YOUNGSTOWN, Ohio (WKBN) – As we head toward the holidays, many people are thinking about giving, not just to family and friends, but also to charity.
For many, that includes donating clothes and shoes.
WKBN First News wanted to know what happens when you dump bags of clothes or shoes into one of the many donation bins around town? Where does your donation go, and who does it help?
First News found five different bins from five different charities or companies just on U.S. 224 between Canfield and Boardman. Addresses posted on the bins aren’t local to the area, rather they have addresses for their regional donation centers or distribution warehouses in northeast Ohio.
All of those bins send your things somewhere different. Some sell it. Some ship it overseas. Some try to make a profit off it.
The most recognizable bins are the yellow ones with the globe, and those are used by the Planet Aid organization.
A representative from Planet Aid’s midwest operations said there are 1,700 bins in northeast Ohio. Donations made in the Youngstown area are shipped about an hour away to Solon. From there, clothes are bundled and sold on the used textile commodity market to generate money for Planet Aid’s missions around the world.
“Some of the countries we support with aid, people live on less than $2 a day,” said Kai Nielsen, regional manager of Planet Aid, Inc.
The non-profit keeps some stuff in the U.S., but most of it is sold or sent overseas to developing countries. Leaders say the recycling helps the environment, and the collection and distribution process puts people here to work.
“We spend around 83 to 85 percent on our mission and the rest goes to fundraising and overhead and the like,” Nielsen said.
Not all donation bins and companies are created equal, so you have to look closely. If you read the fine print on the bins, some say the clothing items are sold for profit.
Capt. Bayode Agbaje, administrator at the Salvation Army Adult Rehab Center, said at the five Salvation Army Family Stores in our region, all proceeds from sold donated goods helps support a 60-bed adult rehabilitation center in Akron. He said bins from other companies or charities can cut into the donations they see to run the rehab center.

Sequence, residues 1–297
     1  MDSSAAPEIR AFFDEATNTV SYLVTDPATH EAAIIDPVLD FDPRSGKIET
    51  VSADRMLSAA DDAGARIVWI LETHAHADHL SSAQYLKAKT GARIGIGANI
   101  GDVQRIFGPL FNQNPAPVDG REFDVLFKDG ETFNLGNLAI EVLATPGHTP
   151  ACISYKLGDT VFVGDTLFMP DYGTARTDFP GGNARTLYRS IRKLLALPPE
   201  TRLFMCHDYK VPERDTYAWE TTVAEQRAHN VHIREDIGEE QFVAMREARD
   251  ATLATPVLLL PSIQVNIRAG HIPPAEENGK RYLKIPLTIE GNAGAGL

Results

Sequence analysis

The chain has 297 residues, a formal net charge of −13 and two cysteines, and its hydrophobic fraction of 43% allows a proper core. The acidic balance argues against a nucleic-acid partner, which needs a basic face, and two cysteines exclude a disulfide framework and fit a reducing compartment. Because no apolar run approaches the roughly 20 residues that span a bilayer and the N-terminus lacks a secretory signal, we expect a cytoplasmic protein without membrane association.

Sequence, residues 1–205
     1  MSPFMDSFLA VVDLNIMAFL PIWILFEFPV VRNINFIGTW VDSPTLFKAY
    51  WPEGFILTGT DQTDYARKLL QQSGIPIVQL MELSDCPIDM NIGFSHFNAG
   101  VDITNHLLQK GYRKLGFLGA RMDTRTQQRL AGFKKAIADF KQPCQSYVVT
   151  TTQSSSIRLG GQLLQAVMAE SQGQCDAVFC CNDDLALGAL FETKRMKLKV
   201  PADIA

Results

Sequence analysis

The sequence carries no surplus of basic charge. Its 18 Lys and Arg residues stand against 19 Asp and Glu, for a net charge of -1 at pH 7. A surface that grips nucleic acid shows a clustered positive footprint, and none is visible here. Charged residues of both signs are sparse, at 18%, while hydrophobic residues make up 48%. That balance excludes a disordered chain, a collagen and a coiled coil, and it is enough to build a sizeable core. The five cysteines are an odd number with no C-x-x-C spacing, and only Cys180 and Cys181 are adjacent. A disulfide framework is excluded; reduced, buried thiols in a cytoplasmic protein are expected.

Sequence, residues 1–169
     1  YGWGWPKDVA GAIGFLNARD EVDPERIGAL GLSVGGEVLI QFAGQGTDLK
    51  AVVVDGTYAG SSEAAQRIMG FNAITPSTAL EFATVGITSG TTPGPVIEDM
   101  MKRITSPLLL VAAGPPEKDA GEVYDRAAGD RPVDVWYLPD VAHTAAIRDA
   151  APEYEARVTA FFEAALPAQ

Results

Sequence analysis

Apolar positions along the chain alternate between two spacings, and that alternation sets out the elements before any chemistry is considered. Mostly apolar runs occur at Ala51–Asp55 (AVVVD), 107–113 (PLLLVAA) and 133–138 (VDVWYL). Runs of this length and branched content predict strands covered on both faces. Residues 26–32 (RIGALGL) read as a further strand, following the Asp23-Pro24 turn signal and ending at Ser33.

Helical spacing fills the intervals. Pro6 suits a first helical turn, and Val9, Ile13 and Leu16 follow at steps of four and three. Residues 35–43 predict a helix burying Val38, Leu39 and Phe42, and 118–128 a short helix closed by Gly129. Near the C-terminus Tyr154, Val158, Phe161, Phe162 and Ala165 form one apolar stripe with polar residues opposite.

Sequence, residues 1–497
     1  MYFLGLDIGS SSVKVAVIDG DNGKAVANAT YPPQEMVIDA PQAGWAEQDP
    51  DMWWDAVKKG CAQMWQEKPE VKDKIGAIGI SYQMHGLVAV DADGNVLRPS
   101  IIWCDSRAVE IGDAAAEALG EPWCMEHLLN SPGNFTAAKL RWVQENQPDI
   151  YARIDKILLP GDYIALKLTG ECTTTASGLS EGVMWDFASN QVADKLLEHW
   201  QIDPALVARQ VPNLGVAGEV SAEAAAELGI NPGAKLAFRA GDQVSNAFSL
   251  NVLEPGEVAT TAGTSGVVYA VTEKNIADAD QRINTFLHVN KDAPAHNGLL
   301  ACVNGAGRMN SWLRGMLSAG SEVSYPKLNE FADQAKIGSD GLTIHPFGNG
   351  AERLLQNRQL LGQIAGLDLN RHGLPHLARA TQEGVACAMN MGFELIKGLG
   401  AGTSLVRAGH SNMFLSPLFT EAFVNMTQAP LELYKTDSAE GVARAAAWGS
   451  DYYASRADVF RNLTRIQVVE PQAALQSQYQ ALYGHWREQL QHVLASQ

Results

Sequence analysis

“It has not only impacted volumes that we are getting, it’s also affected the kind of quality that we’re getting,” Agbaje said. “Most of the competition, they do not understand fully the pains that we go through. They are solely for profit. We are not for profit. What we are trying to do is to get something in to help in the community where we live.”
Agbaje said the Salvation Army is saving likes like Terry Madigan, who went through the rehab program and now supervises all five family stores.
“Now, I just want to give back, and I’m trying to help out the next person that has a problem,” Madigan said.
The need is there, but with a different bin or cause around almost every corner, are Valley churches or charities hurting for hand-me-downs?
There’s a shed set up behind New Covenant Church of the Nazarene on Canfield Road, in the Kirkmere part of Youngstown.
Church member Lauren Hanlon said sometimes she’ll take a winter coat from the shed to help a homeless person in their neighborhood.
“There might be too many of them, but our shed gets full by this time next week. It will be probably halfway full, so there are a lot of donations,” Hanlon said.
The rest of the donations go to St. Pauly Textile in New York, where they’re sent around the U.S. and the world.
“Times are hard for everybody right now. I mean, it is, and people struggle right here in Youngstown that need help as well as the other countries that are less fortunate than we are,” Hanlon said.
The best advice when dealing with donations is to do your research and make sure to find a company or cause that is going to donate your items the way you want them to be handled.